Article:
[By Bill Howard]
A dear friend of mine once shared with me a deep pain in his heart when I asked about his father. His parents divorced when he and his siblings were very young, and in the bitterness and anger at the father that followed, only my friend continued to see his father on a regular basis.
In recent years, his father has been seriously ill and living in an assisted care facility. Holiday gatherings consist of the children and their families gathering at the mother’s house with their stepfather, while my friend and his wife make an extra visit to the father to hold a simple celebration and to pray. Many years ago, the father came back to his Catholic faith, which eventually led to this son also embracing Catholicism.
My friend’s siblings have rarely spoken to the father since their youth and seem to carry an anger that serves as a punishment for past misdeeds and wounds caused from the reckless life their father lived as a young man. The pain of his mother and siblings is very real and understandable. We’ve often wondered if his father is hanging on with hope of a reconciliation.
Where my friend differs from his siblings is in his willingness to show mercy to his father. The Latin word for mercy is misericordia, which means “a heart which gives itself to those in misery.”
The human heart, of course, yearns for justice. God put that yearning in our hearts. However, as Saint John Paul II once asked: “Is it just just to be just? Or does justice to the human heart also demand mercy?”
This was the dilemma at the heart of one of the better holiday movies I’ve seen in some time: The Man Who Invented Christmas. The charming, funny and inspiring story centers on author Charles Dickens and the origin of his classic novel A Christmas Carol. Of course, we know Dickens did not invent Christmas… the title refers to how A Christmas Carol popularized many of the traditions we celebrate as part of Christmas (among them the decorated tree, turkey dinner, lights, presents and charitable giving).
[SPOILERS AHEAD] At the heart of this film’s story is a battle inside Dickens. He struggles mightily with the character of Scrooge and the story’s ending. In Scrooge, Dickens buries all of his anger, bitterness and cynicism over injustice in the world, particularly those whose idol is wealth. Dickens wants Scrooge to face justice for his selfish and God-less ways. When pitching the book to his publisher, he gives an early title that hardly inspires Christmas cheer: “Humbug! A Miser’s Lament.”
But from where did all of that angst toward Scrooge first spring? Dickens’ soul-searching takes him back, like so many men, to his relationship with his father.
While the film mixes fact and fiction, we do know that Dickens’ father loved his family but was so reckless financially that, at an early age, Dickens’ innocence was shattered by being sent to a workhouse while his father, mother and siblings were taken to a debtor’s prison. In the film, his father continues his recklessness in his later years, blurring his devotion to his grandchildren with trying to earn fast bucks off his son’s fame even though Charles, in his success, bought his parents a country home and hired help, and gave a generous stipend to retire in comfort.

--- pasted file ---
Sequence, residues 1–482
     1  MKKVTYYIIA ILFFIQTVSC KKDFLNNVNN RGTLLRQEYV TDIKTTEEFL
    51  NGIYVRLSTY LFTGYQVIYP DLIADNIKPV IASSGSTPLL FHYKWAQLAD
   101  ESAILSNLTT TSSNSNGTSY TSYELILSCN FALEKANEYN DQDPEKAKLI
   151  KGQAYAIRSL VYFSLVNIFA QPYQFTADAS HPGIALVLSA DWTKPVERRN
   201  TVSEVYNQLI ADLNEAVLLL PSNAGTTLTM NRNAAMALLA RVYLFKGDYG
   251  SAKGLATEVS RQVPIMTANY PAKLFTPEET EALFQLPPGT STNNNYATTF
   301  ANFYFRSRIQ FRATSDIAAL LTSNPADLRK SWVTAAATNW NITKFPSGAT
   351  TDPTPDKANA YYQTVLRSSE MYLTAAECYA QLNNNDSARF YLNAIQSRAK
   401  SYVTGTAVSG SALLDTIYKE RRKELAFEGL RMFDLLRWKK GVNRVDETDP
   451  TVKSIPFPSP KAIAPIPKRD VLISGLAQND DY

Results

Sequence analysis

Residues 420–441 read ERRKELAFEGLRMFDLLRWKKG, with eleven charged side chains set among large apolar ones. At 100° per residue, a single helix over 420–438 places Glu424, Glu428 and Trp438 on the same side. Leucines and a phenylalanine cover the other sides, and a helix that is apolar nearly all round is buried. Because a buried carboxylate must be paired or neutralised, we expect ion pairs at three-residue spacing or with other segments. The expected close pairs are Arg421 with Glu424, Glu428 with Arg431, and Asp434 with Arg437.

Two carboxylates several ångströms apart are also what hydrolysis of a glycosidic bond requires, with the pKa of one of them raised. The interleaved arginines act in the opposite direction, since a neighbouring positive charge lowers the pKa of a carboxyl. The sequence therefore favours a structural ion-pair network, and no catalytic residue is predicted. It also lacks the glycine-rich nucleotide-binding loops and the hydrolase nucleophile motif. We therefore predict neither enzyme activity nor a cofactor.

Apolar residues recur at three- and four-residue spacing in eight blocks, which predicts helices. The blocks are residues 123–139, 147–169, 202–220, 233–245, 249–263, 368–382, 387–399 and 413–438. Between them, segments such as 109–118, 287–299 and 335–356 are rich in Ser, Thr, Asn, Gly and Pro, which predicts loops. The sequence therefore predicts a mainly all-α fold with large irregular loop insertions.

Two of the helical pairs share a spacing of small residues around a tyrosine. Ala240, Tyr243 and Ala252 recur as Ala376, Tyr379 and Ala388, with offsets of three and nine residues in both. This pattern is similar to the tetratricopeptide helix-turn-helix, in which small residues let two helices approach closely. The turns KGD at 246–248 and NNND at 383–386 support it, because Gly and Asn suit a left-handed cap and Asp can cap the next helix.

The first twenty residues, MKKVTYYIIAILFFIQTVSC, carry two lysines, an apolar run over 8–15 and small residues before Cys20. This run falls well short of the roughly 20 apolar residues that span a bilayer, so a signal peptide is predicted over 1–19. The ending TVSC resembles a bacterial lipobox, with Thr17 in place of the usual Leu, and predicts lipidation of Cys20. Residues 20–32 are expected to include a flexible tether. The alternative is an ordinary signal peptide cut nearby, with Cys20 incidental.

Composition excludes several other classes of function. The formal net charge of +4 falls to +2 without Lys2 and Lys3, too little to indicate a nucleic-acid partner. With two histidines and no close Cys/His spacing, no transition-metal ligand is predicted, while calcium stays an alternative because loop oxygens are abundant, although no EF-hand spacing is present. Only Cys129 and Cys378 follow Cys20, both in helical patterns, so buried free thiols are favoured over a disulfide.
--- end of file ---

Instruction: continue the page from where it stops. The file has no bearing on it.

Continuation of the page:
Charles loses hope that his father will change, and tensions boil to a painful scene where he sees no other option than to sever ties forever. Like Scrooge, Charles cannot see how such a broken, manipulative soul can ever be redeemed. Add the pressure of his rapidly approaching publishing deadline and a lack of an ending to the story, and Charles finds himself drowning in anger and bitterness.
Assuming most of you have read A Christmas Carol, you know how the book’s ultimate dilemma is resolved. For those who don’t, Scrooge comes face to face with his sins and his heart cracks open just enough to receive a ray of mercy, changing his life forever. Charles’ running from his past brings him full circle to the place of his greatest fear and pain — the now-dilapidated, ghostly workhouse. He rips the scab off the father wound on his heart and allows — under crippling self doubt and despair — a ray of mercy to soak in.
When it was released on Dec. 19, 1843, A Christmas Carol achieved instant success and sold out its initial run by Christmas Eve. The book was a smash hit (and continues to be) because it tapped into the ache in the reader’s heart for authentic love … knowing that, despite there being a little (or a lot) of Scrooge in us, there is Someone who still loves us and allows us to wake up the next morning deciding to be a better person. All of us deep down crave redemption in ourselves and others, not out of weakness, but because God created us to be redeemed through his love and mercy.
As you embark on Christmas and New Year’s gatherings of family and friends, if anyone there has wounded you, pray for the grace to be a vessel of mercy. When we live out justice with mercy, healing takes place and estranged family members and friends can finally embrace and pray in gratitude and humility, “God bless us, everyone.”
(Bill Howard is media director for The Cor Project. Prior to joining The Cor Project, he was an award-winning editor for nearly two decades in the Catholic press).
Image from “The Man Who Invented Christmas”/Bleecker Street.
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